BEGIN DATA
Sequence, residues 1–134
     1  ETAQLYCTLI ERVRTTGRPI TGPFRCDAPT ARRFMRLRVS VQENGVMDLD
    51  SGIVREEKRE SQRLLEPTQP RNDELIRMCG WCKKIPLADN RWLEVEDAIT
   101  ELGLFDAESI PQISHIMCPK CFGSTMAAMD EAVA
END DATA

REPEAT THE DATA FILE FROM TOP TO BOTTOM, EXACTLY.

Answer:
Sequence, residues 1–134
     1  ETAQLYCTLI ERVRTTGRPI TGPFRCDAPT ARRFMRLRVS VQENGVMDLD
    51  SGIVREEKRE SQRLLEPTQP RNDELIRMCG WCKKIPLADN RWLEVEDAIT
   101  ELGLFDAESI PQISHIMCPK CFGSTMAAMD EAVA